- two aspects: non-recognition of physical assault; use of non-physical violence
If we're to succeed in getting men to face their own violence, we need help from women: and the most crucial part of that help is for women to be honest about their own involvement in the web of violence. Exactly as with men, women's violence is both physical and non-physical; but whilst men's violence is highly visible, or searched for until it can be exposed, women's violence is all but ignored.
In public imagery, there's a strange perception that physical violence by women doesn't exist: or if it does, it doesn't count, or doesn't matter. If a woman hits someone - especially an adult man - it doesn't count as violence: although the reverse most certainly does.
This confusion was illustrated clearly in one episode of 'Blue Heelers", a television programme about an Australian country police station. A policewoman from the city comes up to visit her boyfriend, a policeman at the station. They have an argument: in the midst of this, she gives him a full right-hander in the face. He does not respond in kind, no comment is made, and she calms down: he appears to accept this as normal. Later, out of uniform, they visit a farm about which the girl's family is in dispute. She demands to go onto the farm; a man there refuses her permission to do so. She ignores him, and climbs over the fence. The man angrily yells at her that she's trespassing; she ignores him and keeps on walking. He grabs hold of her shoulder; she punches him in the midriff, flooring him, and walks on. He recovers, runs after her; she again punches and floors him. Her boyfriend jumps over the fence, runs up to her, reminds her that she's the one who's trespassing, and leads her back over the fence. Yet back at the police station, she angrily accuses the farmer of attacking her, and demands that he be charged with assault - totally unaware of the violence of her own actions, or her own responsibility in the incident.
My own experience as a mediator has been much the same: most women I've dealt with have had enormous difficulty seeing their own physical violence at all - let alone the scale of it. For example, one of my neighbours knocked on my door late one night, saying that her housemate "had beaten her up again". She did indeed have bruises on her lower legs; the housemate was due to move out in a couple of weeks, but clearly they had to be able to live with each other for that time, so I agreed to mediate. But the story was not quite as clear-cut as she'd made it out to be...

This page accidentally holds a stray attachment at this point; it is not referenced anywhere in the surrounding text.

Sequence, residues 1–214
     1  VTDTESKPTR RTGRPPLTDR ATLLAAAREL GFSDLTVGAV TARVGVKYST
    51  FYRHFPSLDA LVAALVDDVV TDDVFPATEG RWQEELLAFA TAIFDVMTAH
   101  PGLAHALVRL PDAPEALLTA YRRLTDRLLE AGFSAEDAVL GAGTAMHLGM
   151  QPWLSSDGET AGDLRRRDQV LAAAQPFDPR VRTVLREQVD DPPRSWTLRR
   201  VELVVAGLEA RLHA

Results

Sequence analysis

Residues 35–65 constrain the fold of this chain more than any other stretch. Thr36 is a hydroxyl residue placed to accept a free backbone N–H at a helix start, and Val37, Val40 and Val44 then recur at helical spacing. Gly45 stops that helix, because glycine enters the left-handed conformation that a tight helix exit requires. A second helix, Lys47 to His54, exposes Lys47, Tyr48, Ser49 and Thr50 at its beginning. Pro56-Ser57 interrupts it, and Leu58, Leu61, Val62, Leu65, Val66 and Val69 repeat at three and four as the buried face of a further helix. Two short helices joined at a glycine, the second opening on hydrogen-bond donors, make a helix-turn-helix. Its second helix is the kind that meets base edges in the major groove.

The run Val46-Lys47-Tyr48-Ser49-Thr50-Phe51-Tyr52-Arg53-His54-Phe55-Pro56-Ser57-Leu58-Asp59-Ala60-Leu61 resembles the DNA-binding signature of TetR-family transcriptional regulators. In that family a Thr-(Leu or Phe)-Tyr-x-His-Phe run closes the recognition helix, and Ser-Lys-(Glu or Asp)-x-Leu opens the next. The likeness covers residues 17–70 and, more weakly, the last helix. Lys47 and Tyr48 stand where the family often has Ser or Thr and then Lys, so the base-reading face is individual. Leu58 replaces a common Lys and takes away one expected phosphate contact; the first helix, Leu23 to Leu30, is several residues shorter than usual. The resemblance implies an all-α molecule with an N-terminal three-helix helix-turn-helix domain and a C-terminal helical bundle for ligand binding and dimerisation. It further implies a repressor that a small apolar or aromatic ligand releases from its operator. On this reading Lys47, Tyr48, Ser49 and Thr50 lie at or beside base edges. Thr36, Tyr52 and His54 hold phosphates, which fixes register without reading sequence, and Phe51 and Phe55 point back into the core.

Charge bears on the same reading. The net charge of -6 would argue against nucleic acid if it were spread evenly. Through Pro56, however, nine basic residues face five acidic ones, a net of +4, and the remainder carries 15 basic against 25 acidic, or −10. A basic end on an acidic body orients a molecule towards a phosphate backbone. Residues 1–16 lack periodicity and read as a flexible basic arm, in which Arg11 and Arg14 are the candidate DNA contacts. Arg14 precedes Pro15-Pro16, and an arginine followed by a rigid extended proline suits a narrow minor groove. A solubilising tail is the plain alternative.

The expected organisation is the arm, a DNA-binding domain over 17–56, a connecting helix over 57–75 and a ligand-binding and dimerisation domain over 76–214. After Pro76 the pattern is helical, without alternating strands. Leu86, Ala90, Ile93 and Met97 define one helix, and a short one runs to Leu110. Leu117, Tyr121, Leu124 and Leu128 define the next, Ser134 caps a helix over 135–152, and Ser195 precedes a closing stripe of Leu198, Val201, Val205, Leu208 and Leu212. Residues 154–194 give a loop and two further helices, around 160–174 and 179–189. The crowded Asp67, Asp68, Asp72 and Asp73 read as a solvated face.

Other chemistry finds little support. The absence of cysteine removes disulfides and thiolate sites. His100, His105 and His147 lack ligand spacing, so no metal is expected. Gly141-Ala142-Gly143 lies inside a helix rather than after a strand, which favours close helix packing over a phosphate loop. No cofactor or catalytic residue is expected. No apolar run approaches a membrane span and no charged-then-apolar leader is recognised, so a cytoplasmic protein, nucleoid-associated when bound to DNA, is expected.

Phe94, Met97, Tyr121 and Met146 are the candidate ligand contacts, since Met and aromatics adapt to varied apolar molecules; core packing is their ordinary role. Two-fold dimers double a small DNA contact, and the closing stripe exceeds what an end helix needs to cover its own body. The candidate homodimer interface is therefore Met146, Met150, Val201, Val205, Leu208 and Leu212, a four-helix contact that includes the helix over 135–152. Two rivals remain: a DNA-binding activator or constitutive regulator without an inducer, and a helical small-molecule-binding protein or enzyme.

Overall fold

Both told me their versions of the incident. Both agreed that the other's story was fair. Very roughly, there'd been long-standing rows about her music versus his television. He'd come home, tired; he wanted to watch the television news. She wanted to listen to music: "It's my favourite song". "Every song's your goddamn 'favourite song'", he said; "your music can wait, my news won't." And turning on the television, he switched off her stereo. "You'll break it, you'll break it", she screamed, as she ran out of the kitchen, and launched herself at him, flailing her fists at his back. He turned round, arms crossed to protect his face; she launched herself at him once more, and slipped sideways over a chair, bruising her legs. That was it: no other contact. He certainly didn't punch out at her, or make any move towards her. Yet despite herself describing the incident in exactly that way, she was convinced that he had attacked her. It took three separate repetitions of the story to get her to understand that the reality was entirely the other way round. Even then she was still unconvinced: "He was meant to be hurt, he deserved to be hurt; he stopped me doing it. That's attacking me, isn't it?" And interestingly, because she had bruises to show, he would indeed be the one charged with assault if she'd called the police...
This perhaps sounds extreme: it isn't. In fact, in my own experience as a mediator and elsewhere, it's been terrifyingly common: far more common than the other way round. And yet the latter is the only one we hear about.
- reprise on 'female gaze' as violence
- specific women's power, specific women's responsibility: power of complaint, sexual power (abuse of latter as weapon is the reason for 'patriarchal' defences/restrictions)
- inaccurate perception of scale ("it doesn't count") - example of illustration from Kissane article - continuation of image of relationship between small girl and undamageable, non-retaliating father
- "it's not OK to hit a girl" becomes "it's OK to hit a boy" and/or "it's OK to hit a boy in place of a girl" - examples
- non-physical violence - reprise/expansion from DVIRC list on lesbian violence
- Kate Gilmore in 'Deadly Hurt' debate - deeply violent ('passive-aggressive'), projected onto 'all men'
- 'non-violence' is often a synonym for non-physical assault - Sommers example ('defence guard' standing in a circle screaming at a professor - Brownshirt analogy)
- deniability - example from 30s schoolgirl, articles on bullying generally
- excess of male suicides might be understood as female murder (link to 'Mirror Man')